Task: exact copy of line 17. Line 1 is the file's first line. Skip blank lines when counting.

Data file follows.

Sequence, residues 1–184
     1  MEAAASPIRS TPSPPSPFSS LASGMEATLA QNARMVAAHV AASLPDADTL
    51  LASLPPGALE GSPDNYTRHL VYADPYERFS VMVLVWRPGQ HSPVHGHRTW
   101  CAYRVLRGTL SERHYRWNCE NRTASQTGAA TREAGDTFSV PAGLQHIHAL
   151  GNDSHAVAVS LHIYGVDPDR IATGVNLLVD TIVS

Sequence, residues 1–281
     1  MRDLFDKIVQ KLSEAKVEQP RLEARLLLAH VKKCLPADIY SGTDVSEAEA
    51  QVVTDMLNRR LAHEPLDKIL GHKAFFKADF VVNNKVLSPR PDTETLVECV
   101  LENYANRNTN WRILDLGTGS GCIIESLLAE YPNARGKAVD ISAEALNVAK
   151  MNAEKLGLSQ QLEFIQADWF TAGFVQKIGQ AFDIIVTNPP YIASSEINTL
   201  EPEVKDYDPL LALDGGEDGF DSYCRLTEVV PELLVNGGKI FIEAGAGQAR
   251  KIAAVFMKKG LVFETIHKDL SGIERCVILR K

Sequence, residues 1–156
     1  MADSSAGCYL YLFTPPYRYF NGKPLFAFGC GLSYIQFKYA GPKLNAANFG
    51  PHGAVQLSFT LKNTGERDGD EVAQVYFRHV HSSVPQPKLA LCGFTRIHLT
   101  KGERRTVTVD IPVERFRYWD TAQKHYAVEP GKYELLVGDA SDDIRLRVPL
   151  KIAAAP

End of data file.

   151  KIAAAP